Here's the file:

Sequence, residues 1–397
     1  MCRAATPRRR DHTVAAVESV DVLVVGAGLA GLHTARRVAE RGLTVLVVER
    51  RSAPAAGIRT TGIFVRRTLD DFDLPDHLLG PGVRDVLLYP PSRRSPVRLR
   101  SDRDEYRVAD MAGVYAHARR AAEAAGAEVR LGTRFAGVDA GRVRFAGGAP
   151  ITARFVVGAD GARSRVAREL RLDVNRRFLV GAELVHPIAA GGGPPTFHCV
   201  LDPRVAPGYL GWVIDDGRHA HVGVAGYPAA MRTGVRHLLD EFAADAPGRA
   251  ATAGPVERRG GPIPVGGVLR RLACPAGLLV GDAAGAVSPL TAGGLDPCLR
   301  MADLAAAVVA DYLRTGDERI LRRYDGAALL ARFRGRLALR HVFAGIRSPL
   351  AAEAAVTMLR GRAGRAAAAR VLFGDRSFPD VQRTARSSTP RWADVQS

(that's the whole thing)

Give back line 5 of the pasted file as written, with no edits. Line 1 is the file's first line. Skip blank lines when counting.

   151  ITARFVVGAD GARSRVAREL RLDVNRRFLV GAELVHPIAA GGGPPTFHCV